con (adj.)

"swindling," 1889, American English, from confidence man (1849), from the many scams in which the victim is induced to hand over money as a token of confidence. Confidence with a sense of "assurance based on insufficient grounds" dates from 1590s.

con (n.1)

"negation" (mainly in pro and con), 1570s, short for Latin contra "against" (see contra).

con (n.2)

"study," early 15c., from Old English cunnan "to know, know how" (see can (v.1)).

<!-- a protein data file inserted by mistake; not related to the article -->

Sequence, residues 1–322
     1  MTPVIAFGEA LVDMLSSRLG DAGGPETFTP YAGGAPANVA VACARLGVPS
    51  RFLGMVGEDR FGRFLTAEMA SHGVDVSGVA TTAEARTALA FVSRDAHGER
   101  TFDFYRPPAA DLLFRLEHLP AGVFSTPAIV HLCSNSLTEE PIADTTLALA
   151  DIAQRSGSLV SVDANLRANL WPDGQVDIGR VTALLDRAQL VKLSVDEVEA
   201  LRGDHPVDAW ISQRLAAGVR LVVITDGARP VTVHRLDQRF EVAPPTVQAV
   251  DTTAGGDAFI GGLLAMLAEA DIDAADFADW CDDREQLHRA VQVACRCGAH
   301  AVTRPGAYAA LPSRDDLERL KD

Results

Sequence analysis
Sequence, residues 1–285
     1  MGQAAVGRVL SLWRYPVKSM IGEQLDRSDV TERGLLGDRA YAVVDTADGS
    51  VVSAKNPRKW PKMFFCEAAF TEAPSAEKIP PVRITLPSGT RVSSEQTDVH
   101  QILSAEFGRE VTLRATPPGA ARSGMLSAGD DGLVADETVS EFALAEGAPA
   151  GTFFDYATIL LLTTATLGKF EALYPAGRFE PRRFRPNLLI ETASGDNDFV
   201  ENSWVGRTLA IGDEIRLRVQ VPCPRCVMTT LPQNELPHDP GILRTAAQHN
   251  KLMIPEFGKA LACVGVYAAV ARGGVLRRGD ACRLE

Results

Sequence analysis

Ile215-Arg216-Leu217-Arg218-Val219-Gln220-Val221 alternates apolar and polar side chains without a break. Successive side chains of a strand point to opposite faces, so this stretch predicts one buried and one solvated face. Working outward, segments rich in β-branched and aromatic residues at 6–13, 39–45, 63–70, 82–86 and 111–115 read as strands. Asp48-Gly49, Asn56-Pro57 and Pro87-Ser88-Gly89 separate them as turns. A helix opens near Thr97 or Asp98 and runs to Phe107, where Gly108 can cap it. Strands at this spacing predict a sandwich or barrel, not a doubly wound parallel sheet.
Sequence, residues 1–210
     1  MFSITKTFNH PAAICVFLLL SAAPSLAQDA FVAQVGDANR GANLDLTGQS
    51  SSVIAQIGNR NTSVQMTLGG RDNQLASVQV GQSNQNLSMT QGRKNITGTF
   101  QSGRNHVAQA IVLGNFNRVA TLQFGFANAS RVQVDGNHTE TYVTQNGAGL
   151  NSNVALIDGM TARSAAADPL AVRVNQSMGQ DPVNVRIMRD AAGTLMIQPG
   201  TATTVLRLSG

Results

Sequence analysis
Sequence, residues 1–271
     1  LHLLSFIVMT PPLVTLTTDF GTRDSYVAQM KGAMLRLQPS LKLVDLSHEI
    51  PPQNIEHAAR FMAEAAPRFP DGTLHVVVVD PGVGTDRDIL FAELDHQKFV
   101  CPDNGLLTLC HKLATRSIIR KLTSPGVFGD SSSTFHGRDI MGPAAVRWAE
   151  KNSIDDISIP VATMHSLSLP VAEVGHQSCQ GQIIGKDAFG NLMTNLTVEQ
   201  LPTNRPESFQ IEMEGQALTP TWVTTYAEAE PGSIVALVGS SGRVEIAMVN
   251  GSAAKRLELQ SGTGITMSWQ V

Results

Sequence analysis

con (n.3)

a slang or colloquial shortening of various nouns beginning in con-, such as, from the 19th century, confidant, conundrum, conformist, convict, contract, and from the 20th century, conductor, conservative.

con (v.1)

"to guide ships," 1620s, from French conduire "to conduct, lead, guide" (10c.), from Latin conducere (see conduce). Related: Conned; conning.

con (v.2)

"to swindle," 1896, from con (adj.). Related: Conned; conning.